Monday Morning Millionaire Program contains compressed investment opinions. Over the last two decades, these have outperformed over 90% of portfolios including professionally managed ones. The program does not provide any investment advice or endorsements. With about 800 words, members can read this post in less than five minutes. Following and studying the links imbedded in a post would take longer. How members manage a post depends on their level of interest and investing knowledge.
A significant number of our members have expressed interest in options. We will publish a post on the subject in time for interested members to place orders before the market opens this coming Monday, August 24.
The Monday Morning Program promotes index investing. Using this approach, investors buy the entire American economy, the strongest in history, by buying an exchange-traded fund (ETF) which tracks the S&P 500 which itself is a reasonably accurate representation of that economy. Then they sit in their rocking chairs and watch their portfolios grow, with fluctuations, of course. Equaling index investing is as straightforward as it is effective. It is not rocket science or brain surgery. Outperforming index investing is another matter. Over the course of a market cycle, fewer than 10% of investors manage that.
People who derive income from their careers can beat index investing simply by dollar-cost averaging an ETF which tracks the S&P 500.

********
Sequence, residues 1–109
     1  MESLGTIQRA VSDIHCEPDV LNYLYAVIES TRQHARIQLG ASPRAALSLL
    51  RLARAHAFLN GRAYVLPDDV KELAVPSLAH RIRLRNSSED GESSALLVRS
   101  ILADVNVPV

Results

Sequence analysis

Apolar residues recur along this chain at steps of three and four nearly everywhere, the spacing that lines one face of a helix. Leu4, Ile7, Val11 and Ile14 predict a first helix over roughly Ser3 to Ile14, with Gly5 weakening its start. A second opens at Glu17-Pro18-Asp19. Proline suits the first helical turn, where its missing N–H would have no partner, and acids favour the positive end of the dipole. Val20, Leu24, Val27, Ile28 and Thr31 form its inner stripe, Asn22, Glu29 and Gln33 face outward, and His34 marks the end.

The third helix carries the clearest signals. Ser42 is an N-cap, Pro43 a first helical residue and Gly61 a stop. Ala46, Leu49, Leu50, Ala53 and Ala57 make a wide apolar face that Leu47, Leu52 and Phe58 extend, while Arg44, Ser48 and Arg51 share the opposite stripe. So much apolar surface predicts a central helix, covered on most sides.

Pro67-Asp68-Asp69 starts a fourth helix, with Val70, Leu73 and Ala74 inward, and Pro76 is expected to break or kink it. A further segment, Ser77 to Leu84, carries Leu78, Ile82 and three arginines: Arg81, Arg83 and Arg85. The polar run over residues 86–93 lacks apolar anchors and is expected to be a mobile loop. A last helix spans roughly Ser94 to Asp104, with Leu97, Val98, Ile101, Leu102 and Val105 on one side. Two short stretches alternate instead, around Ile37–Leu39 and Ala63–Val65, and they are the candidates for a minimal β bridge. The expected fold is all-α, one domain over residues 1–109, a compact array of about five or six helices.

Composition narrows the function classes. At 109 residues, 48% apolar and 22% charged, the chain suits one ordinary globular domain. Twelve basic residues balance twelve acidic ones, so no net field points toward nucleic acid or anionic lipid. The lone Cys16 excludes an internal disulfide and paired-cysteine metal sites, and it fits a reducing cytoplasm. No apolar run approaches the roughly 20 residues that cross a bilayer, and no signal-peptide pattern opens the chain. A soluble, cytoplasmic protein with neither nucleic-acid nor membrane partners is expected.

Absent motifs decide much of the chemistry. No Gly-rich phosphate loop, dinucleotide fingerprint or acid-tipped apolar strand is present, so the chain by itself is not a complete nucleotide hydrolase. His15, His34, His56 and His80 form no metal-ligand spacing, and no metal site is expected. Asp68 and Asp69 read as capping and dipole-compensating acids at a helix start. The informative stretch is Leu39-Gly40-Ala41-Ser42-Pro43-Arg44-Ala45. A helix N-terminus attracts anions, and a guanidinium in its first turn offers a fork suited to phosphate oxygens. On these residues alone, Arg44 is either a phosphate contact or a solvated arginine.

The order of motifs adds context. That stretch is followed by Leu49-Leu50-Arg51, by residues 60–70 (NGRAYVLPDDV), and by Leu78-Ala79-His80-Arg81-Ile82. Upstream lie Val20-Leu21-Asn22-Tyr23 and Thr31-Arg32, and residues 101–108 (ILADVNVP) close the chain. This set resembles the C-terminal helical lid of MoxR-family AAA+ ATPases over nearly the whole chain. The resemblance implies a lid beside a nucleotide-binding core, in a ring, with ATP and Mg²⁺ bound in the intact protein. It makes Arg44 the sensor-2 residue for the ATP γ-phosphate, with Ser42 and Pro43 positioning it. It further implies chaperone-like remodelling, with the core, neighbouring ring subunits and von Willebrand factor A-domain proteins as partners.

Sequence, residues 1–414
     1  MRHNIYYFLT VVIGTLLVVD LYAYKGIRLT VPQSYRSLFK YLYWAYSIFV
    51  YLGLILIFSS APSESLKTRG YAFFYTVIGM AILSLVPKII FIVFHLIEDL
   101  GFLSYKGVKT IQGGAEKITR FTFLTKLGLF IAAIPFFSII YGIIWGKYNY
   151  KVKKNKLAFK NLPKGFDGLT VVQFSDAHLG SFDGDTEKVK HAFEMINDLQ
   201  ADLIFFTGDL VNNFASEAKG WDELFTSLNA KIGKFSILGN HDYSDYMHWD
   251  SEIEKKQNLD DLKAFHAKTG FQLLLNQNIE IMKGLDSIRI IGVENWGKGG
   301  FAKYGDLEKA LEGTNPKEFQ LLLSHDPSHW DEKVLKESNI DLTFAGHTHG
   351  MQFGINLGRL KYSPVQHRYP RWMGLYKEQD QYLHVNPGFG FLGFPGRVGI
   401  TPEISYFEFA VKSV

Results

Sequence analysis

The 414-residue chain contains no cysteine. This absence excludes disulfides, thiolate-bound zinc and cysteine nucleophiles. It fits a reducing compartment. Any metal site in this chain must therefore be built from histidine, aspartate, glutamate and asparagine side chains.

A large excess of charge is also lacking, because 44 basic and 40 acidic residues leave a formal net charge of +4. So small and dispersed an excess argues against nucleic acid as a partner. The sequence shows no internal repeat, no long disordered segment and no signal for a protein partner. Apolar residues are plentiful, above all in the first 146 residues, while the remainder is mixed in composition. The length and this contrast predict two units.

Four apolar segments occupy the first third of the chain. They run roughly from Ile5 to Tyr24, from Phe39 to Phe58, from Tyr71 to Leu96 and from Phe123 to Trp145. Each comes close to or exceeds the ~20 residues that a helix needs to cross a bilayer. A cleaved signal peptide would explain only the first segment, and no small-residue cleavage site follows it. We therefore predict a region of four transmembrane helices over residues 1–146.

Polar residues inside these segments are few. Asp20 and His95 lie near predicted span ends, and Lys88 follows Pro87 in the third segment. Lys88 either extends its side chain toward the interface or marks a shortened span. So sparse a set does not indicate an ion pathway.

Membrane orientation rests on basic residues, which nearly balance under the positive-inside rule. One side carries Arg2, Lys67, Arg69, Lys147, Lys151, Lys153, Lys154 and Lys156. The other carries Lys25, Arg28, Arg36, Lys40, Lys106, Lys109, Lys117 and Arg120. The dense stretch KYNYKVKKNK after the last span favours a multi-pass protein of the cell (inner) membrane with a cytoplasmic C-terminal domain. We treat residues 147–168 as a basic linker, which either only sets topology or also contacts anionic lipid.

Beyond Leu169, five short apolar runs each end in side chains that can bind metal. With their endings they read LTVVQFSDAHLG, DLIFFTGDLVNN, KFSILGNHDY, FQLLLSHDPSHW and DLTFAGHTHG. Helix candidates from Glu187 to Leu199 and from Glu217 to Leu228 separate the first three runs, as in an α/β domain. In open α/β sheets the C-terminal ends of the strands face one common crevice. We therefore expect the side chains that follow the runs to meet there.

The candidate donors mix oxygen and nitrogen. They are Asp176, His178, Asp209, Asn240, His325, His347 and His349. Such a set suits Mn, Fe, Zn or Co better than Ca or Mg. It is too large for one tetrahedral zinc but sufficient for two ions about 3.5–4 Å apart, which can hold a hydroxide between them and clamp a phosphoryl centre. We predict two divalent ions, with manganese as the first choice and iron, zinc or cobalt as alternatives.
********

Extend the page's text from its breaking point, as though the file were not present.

People who derive their income from investments need to assume greater risk and ignore one or more of the six habits of Monday Morning Millionaires in order to beat index investing, a difficult task.
Selling options offers such possibilities.
If investors get involved, they face two sources of risk; the option position itself and the security to which it is connected. With both, the returns can be staggering. So can the possible losses.
The options market is more than five times bigger than the world’s $100 trillion combined stock and bond market. Knowledgable investors have called options the financial weapons of mass destruction.
In 1994 Orange County in California went bankrupt owing to its involvement with options.
In 1998, too-big-to-fail Long Term Capital Management was bailed out of near-collapse by 14 Wall Street banks that, at the behest of the Federal Reserve, invested $3.6 billion in the company. In this near collapse, involvement with options also played a major role.
And the risks concerning individual securities? Spectacular collapses are as numerous as they are well known. Think Enron, WorldCom, Swissair, Lehman Brothers — the list is long.
The Sunday Morning Program has an effective, evidence-based system which will tilt risk/reward in investors’ favor. It is as safe as it is simple and straightforward. In order to make it available to our members only, we have decided against patenting it.